Review of the “Jaybird JF3 Freedom” Bluetooth earbuds

“Bluetooth earbuds?”, you ask.  Yes.  And for someone like me who never goes anywhere without an Audible audiobook in his ear, they are a Godsend.

Over the years I have gone through many, many pairs of earbuds.  I kept my MP3 player in a vest pocket or (recently) in a holster on my hip.  That left a cord running from my ear down the left side of my body.

That damned cord had a magnetic attraction to door handles, bike handlebars, fence posts, furniture, pets, passing dragonflies, etc.  Life gets especially exciting when the cord wraps itself around a steering wheel while you are in heavy traffic.  How we suffer for our art.

Every time something yanks earbuds from your ear, which is painful and worse, makes you lose your place in your audiobook, it weakens the internal wire connections.  I generally got Skullcandies for about $20, which had good sound and were more durable than most.  But even treating them gently I could only get 3 months or so out of them.

Last Xmas my wife got me Bluetooth earbuds, the Jaybird JF3 Freedom.  So yes, these guys have been around for a year or so already, but people still stop to ask me about them.  I’ve only used them with an iPhone, but they are supposed to work with any A2DP Bluetooth device, which includes Blackberries, Droids, etc..

Jaybird JF3 Freedom earbud

Looking at the picture above, you can see a pinky-sized grey button on the right earbud body.  That acts as a play/pause button for whatever music player (or the Audible app) you have going.  It also answers the phone but the built in mic is crappy so I don’t use the earbuds for phone calls.

The same button is also how you power on the unit, which is my biggest problem with the thing: you have to hold it down for 7 seconds (why??) to power it on.  At 8 seconds, it starts the pairing operation.  I have lost count of how many times I started pairing when I only wanted to power it on.  To stop pairing, you have to power it off, which takes 4 seconds.  Then you power it back on, another 7 seconds.  Damn it, one second too long, it started pairing again.  Power it off, 4 seconds.  Power it back on.  Et cetera.

(FYI this same button also gets you Siri on the iPhone if you press it for 2 seconds.  Sometimes when I try to turn off my earbuds I don’t hold the button down long enough, and I get Siri instead.  Not often, though.)

Also on the right earbud body, there are two tiny grey buttons that act as volume up and down.  They are nice but don’t have much range — I usually have to control volume at my iPhone.  Then there is a micro-USB jack for charging.

I read someplace that the right earbud body also contains the Bluetooth antenna.  However, these things usually use the cord as an antenna (it’s a long wire, after all).  Through trial and error, and experiments using tin foil wrapping, I’ve found the right side does get slightly better reception than the left.  I guess there are some antenna bits in there.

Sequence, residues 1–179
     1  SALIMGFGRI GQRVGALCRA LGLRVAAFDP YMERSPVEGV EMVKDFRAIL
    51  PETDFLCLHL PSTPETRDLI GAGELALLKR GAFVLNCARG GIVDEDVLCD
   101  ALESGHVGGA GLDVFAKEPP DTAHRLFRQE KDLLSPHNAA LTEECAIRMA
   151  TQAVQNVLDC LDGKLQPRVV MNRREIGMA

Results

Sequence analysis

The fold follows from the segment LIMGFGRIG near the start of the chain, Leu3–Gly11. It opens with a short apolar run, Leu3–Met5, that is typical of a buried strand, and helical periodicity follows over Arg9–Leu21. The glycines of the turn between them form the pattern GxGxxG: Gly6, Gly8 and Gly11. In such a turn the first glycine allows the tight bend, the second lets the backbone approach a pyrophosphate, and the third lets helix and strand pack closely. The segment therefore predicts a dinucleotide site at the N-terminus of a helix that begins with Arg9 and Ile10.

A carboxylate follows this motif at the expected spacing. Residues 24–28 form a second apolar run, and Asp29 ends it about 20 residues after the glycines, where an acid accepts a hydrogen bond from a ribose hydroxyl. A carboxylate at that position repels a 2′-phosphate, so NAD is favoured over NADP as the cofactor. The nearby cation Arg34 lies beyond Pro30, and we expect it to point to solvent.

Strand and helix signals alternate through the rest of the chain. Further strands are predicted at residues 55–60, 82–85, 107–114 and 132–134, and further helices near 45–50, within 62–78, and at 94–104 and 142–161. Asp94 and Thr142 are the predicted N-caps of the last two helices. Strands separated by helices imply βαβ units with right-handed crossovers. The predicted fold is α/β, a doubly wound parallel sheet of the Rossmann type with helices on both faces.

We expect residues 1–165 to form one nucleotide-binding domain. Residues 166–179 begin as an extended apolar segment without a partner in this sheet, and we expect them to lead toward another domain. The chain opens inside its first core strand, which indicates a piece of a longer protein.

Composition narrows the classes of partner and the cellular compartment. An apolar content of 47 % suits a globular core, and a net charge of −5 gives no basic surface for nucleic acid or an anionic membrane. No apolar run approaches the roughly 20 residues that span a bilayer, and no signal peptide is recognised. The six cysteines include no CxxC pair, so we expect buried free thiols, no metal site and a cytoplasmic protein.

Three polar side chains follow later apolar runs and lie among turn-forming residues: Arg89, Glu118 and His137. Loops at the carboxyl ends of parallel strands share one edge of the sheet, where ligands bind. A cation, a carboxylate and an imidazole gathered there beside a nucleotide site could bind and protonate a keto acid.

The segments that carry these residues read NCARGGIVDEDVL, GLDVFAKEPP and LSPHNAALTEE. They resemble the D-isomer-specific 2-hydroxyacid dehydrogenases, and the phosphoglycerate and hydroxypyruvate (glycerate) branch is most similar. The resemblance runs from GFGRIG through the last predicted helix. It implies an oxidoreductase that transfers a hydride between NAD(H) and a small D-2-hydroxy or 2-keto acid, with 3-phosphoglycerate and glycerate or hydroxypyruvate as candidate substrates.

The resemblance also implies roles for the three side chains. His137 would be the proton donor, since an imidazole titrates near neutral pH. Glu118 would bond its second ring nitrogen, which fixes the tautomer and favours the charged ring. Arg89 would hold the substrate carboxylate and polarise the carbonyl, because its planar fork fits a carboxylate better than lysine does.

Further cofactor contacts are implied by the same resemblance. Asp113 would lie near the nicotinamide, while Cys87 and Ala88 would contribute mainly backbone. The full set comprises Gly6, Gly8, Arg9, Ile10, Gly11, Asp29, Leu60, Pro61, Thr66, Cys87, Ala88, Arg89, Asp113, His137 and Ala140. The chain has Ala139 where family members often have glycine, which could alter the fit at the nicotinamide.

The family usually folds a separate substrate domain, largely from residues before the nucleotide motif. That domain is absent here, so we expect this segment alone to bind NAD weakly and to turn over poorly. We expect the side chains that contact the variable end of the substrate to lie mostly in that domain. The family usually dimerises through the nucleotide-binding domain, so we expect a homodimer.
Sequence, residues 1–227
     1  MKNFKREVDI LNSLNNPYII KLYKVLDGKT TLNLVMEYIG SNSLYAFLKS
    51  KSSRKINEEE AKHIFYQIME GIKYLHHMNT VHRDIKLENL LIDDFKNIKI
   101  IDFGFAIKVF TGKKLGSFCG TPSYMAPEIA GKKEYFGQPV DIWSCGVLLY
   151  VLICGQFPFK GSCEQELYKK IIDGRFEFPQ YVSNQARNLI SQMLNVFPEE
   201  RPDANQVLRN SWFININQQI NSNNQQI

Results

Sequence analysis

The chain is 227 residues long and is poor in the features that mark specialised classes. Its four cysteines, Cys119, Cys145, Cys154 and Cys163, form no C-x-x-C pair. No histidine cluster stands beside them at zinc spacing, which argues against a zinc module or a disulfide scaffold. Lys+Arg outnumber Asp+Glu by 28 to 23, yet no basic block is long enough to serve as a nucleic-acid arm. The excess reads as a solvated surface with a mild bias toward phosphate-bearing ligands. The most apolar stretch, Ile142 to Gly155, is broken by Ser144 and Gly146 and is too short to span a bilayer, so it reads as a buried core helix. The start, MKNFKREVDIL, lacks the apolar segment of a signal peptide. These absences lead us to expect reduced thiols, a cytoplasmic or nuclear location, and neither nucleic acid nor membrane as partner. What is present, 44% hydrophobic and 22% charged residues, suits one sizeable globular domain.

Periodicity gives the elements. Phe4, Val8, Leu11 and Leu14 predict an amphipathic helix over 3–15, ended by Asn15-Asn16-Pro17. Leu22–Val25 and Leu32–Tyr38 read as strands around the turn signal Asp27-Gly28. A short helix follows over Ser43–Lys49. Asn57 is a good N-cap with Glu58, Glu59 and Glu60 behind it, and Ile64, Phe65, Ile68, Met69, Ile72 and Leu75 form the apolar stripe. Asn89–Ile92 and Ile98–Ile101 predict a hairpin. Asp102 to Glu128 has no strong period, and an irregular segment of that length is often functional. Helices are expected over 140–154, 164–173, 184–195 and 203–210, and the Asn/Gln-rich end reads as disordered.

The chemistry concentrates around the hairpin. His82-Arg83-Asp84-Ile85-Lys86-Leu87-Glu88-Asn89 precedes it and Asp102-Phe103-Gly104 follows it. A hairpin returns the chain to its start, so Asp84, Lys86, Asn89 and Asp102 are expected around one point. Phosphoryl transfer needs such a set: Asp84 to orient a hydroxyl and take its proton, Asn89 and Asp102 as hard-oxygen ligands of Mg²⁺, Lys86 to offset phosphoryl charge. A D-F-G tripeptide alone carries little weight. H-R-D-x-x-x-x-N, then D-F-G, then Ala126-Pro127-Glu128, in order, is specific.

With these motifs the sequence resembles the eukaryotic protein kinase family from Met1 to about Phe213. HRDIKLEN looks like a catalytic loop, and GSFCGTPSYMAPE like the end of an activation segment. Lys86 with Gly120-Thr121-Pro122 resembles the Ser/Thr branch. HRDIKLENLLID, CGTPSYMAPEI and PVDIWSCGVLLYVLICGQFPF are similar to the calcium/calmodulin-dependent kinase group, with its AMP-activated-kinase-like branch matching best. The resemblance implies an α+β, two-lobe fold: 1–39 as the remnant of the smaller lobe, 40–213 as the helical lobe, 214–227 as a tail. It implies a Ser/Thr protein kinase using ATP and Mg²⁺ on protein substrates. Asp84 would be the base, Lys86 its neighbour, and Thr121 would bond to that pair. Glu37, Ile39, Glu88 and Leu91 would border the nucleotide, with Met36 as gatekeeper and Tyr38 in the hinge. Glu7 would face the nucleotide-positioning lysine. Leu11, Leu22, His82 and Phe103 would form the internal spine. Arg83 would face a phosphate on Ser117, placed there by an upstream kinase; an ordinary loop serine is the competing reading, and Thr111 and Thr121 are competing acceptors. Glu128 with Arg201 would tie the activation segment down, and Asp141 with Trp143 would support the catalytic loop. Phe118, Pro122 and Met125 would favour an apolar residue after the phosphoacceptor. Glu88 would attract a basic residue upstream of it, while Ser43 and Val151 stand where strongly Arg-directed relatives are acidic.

This leads to my second problem with the thing, and what the company itself warns you about.  Apparently the Bluetooth signal needs stuff to bounce off to get from your MP3 player to your earbuds.  This is a problem when you are outside.  That’s where I do all my running.

Inside, the earbuds can talk to my iPhone across the room.  Outside, my hip is pretty much the extent of their range.  I keep my iPhone in a holster on my left hip.  Normally this is fine.  However, when I’m running or cycling it sometimes cuts out.  I could get an armband holster, I suppose, but I don’t like them.  Switching to the right hip helps a little, maybe.

The kit comes with a sturdy case, which is kind of useless unless you plan to carry the case around.  It also comes with three sizes of eartips, and three sizes of this hook shaped rubber mesh thing that fits in your ear to lock the buds in place.  With that getup I’ve never lost an earbud.

As for the cord, so far it has never caught on anything.  I wear it in front of my neck most of the time, where I barely notice its light touch.  When I’m at the gym, I string it behind my neck just to be safe, but it tends to stick to my skin back there.

Battery life is good, 4 hours I’d guess.  This leads to my third problem with these earbuds: you don’t get much warning when the battery is about to die, and there is no visual indication.  You get a few minutes of annoying beeps, then silence.

The weakest link in earbuds is where the cord connects to the buds.  Jaybird has reinforced this point with a thick metal collar.  After eight months of daily use, they are still going strong.  I would have replaced my Skullcandies four times by now.  If you look at it that way, the steep $100 price for these things is not such a bad deal.

Overall I’m very pleased with these things.  They are useless for phone calls, worse in fact than regular earbuds because you get that crappy mic whether you want it or not.  They have good high and low frequency response, as earbuds go.  For music and audiobooks, they are my best earbuds yet.

Postscript: I see Jaybird just released a new model, the JF4 Sprint.  It’s a little smaller but the battery life is also a little shorter.  Does anyone have experience with these?  Does it fix my 3 problems?

About Chris Weaver

Posted on 08/31/2012, in Misc, Reviews and tagged , , , , , , . Bookmark the permalink. 3 Comments.

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